But immigrant advocates have also tagged Obama the “deporter-in-chief” because of the more than 2 million people who've been deported during his presidency. This month’s raids have taken the frustration to a new level.
Since the so-called border crisis flared in the summer of 2014 and confounded Washington, the administration has taken significant steps to try and stop the migrants — who hail primarily from Guatemala, Honduras and El Salvador — from entering the United States illegally.
For instance, administration officials had opened new detention centers for women and children, although a federal judge ruled last summer that the controversial detention practice violated a long-standing legal settlement.
The 121 undocumented immigrants who were taken into custody in the weekend raids have already been ordered deported from the United States, Johnson said. And those immigrants had all arrived in the country after May 2014, which is in line with administration policy that focuses on deporting criminals and those who came here illegally after Jan. 1, 2014.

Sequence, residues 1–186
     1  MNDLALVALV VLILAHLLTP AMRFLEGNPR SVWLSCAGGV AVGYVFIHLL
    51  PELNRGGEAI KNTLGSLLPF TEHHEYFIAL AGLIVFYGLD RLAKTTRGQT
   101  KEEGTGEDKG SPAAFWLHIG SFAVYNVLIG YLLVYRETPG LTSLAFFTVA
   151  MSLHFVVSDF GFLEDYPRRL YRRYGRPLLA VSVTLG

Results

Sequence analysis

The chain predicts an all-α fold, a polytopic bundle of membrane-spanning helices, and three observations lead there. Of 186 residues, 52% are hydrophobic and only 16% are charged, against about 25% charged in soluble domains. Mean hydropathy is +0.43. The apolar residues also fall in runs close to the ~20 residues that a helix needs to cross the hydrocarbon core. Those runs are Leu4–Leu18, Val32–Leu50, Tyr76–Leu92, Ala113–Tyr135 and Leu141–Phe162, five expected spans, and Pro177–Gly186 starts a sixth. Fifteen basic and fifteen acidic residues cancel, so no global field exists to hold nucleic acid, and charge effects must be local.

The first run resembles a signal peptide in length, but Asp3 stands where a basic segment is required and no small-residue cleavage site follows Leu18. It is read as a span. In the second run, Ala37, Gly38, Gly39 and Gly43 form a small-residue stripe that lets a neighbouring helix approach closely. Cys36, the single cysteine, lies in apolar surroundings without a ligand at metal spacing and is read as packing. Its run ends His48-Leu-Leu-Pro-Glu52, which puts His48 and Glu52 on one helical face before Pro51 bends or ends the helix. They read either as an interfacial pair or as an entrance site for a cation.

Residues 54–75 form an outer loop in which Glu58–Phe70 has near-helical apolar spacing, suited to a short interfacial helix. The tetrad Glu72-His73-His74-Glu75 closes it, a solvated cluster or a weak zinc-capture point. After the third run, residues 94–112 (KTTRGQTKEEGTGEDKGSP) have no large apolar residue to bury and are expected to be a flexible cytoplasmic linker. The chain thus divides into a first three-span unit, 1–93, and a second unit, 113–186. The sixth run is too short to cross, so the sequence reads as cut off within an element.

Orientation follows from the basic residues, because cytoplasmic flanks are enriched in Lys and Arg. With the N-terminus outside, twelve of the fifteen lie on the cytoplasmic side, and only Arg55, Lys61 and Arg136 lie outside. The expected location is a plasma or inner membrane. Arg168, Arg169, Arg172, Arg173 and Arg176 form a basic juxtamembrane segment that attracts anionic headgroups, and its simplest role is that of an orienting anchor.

"This is consistent with the kinds of priorities that the president himself has talked about; that our enforcement efforts need to be focused on deporting felons, not families, and with a particular focus on individuals who have only recently crossed the border," White House press secretary Josh Earnest said Monday of the raids.
“The incredible disconnect of the president’s language about protecting refugees overseas as compared to his continuing treatment of the Central American population not as refugees but as illegal border crossers … will be a lasting legacy on his record,” said Greg Chen, director of advocacy for the American Immigration Lawyers Association. “It’s not just a blip of one weekend’s actions. It’s now an 18-month policy.”
The raids are also putting Democrats in a political squeeze between advocates and their liberal base, which abhors the raids and an administration that is defending them.
Johnson, who has signaled that raids will “continue to occur as appropriate,” has stressed that the immigrants being targeted in the raids have already exhausted all their legal options and have been ordered deported. The DHS chief’s argument is already resonating with influential Hill Democrats.
“These are folks who have been adjudged, as I understand it, by a court, have received an order to leave, and have not left and the law says that they need to leave,” House Minority Whip Steny Hoyer (D-Md.) said on Tuesday. He noted that the number of people taken into custody is a “relatively small number.”
That comment drew immediate criticism.